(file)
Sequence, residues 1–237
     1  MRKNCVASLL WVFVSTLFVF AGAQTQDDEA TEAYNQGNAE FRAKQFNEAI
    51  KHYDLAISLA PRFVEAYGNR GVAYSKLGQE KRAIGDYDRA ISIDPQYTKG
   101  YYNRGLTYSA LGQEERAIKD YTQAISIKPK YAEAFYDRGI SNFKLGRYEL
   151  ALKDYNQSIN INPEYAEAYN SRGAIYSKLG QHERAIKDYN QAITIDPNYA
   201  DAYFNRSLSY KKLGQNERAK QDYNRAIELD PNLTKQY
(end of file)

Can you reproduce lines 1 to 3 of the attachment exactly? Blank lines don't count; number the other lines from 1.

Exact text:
Sequence, residues 1–237
     1  MRKNCVASLL WVFVSTLFVF AGAQTQDDEA TEAYNQGNAE FRAKQFNEAI
    51  KHYDLAISLA PRFVEAYGNR GVAYSKLGQE KRAIGDYDRA ISIDPQYTKG